Google has expanded the two-step verification options when logging into Google services on a tablet or computer to allow the use of any Android 7+ phone as a hardware security key. The option is available today, for both personal and business accounts. It requires the Google Chrome browser on the computer or tablet. After entering their password on the computer or tablet, the user only needs to press one button on their phone, initiating the secure exchange of cryptographic keys over Bluetooth, which completes the login. Passwords alone only provide limited security, so two-step verification (2SV) is recommended for most users. Basic versions of 2SV use one-time codes, sent via text or app, as an additional password. But users can be tricked into giving these codes to attackers, and in some cases the codes can be intercepted. The most secure 2SV relies on a separate physical device carried by the user. Google sells such a keychain device — the Titan Security Key — for $50. Now any Android 7+ phone can serve that purpose, although Google still recommends a secure backup key in case the phone is lost.
The Samsung Galaxy A80 has a unique triple-camera module that normally faces rearward. but is motorized so it can can slide up from the metal frame and spin around to face forward, for selfie mode. Samsung announced the phone today and plans to launch it by the end of May. The camera design allows the 6.7-inch, full-HD, AMOLED display to cover the whole front without a notch. The camera module includes a 48-megapixel main camera, 8-megapixel wide camera, and 3D depth camera. The 3D depth camera enables live focus (portrait effect) for video. The large 3,700 mAh battery can charge quickly with 25W charging. The fingerprint reader is built into the display. It comes with a generous 8 GB of RAM and 128 GB of storage, although it does not support memory cards. The A80 will be available in black, gold/pink and white/blue. Specific pricing and launch countries were not announced.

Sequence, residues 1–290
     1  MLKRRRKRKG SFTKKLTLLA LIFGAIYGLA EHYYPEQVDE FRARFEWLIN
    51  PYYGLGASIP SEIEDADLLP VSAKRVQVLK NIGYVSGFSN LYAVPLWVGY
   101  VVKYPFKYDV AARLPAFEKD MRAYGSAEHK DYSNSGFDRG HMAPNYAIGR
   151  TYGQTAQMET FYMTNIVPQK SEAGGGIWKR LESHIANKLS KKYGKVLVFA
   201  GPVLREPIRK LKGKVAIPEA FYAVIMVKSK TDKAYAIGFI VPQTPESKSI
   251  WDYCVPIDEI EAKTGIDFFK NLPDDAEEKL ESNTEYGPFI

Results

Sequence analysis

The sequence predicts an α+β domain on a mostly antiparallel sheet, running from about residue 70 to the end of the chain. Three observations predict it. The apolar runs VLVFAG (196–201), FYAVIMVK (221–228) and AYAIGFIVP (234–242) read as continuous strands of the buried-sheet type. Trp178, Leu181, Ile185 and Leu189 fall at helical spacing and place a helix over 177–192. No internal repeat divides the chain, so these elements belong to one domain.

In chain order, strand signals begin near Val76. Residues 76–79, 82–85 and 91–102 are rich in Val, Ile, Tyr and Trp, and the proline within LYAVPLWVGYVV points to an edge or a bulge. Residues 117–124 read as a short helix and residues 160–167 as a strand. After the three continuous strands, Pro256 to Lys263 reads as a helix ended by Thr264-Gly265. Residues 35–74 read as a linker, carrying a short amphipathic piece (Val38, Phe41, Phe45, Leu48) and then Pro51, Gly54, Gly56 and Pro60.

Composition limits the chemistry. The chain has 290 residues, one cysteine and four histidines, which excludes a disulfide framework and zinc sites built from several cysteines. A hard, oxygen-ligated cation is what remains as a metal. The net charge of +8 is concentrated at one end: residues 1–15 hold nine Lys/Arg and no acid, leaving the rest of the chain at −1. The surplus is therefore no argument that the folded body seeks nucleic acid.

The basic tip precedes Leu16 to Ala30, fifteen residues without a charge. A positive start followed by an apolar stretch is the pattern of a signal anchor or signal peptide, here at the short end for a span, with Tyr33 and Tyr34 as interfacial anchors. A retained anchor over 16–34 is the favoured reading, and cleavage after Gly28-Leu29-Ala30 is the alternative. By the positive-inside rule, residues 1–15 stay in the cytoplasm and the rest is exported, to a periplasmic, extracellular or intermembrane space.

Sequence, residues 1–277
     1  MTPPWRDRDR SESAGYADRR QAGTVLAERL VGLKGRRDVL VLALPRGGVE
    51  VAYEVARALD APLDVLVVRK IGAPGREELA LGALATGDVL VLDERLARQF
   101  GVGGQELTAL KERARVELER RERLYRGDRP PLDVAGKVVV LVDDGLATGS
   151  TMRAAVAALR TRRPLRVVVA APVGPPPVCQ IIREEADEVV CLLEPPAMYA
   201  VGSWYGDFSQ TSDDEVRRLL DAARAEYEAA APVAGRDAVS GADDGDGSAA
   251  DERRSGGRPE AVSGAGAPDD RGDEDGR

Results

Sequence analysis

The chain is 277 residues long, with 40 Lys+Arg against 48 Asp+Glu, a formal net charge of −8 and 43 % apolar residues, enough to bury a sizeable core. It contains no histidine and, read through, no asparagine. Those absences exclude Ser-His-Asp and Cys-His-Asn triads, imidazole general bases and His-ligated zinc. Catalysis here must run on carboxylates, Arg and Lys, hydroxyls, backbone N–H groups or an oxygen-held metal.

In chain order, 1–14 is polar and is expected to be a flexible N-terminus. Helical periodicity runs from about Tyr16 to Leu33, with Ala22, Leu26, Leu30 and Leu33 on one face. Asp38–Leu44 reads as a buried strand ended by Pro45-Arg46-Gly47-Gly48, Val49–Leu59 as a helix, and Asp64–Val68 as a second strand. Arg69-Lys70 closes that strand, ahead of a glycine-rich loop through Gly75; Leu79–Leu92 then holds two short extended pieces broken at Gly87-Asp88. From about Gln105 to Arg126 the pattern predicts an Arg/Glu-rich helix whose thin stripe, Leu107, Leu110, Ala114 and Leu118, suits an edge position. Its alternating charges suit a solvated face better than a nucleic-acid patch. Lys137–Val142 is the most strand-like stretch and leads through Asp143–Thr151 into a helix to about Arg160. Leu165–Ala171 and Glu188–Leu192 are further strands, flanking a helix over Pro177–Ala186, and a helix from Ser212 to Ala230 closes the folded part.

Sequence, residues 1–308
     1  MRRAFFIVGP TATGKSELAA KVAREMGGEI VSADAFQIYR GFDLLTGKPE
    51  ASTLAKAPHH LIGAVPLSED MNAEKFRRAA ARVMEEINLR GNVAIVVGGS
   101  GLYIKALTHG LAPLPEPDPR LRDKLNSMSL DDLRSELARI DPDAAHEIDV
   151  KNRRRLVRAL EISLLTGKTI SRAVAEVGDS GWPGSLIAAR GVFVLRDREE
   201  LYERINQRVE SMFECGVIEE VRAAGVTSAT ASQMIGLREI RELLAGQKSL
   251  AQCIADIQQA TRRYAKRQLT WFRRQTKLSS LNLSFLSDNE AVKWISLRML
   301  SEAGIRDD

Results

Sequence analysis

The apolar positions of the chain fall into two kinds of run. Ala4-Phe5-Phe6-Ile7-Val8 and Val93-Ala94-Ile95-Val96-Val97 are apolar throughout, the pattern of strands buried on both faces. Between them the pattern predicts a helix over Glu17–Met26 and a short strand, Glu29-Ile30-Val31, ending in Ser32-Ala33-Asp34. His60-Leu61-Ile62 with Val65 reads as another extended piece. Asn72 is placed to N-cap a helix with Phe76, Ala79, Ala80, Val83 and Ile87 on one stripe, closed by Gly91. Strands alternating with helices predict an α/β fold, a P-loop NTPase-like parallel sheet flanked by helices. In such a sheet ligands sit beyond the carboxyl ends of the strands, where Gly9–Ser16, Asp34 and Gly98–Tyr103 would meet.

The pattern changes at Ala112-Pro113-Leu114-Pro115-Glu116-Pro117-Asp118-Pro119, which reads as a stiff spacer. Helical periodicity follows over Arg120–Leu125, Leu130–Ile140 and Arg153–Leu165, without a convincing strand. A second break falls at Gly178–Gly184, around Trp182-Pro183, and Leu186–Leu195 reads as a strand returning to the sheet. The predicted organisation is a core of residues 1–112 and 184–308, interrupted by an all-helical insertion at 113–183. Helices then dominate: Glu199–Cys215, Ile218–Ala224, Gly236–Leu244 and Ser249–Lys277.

Qualcomm's latest Snapdragon chips bring advanced features to higher-end phones that are a bit more affordable than "flagship" models. The company announced three chips today, two in the 7 series and one in the 6 series. One is focused specifically on gaming phones.
- 730: The first 7-series chip with Spectra 350 image processing, capable of advanced computer vision functions using less power. It supports high-resolution depth sensing, 4K HDR videos in Portrait Mode (bokeh), and the new HEIF image format. The 730 also has powerful "AI" capability thanks to its Hexagon 688 processor with Hexagon Vector eXtensions and Hexagon Tensor Accelerator. The Hexagon 688 is twice as powerful as its predecessor, for faster intelligent functions in the areas of camera, gaming, voice, and security. The 730 also has a Kryo 470 CPU, Adreno 618 GPU, X15 LTE modem for download speeds up to 800 Mbps, and support for Wi-Fi 6.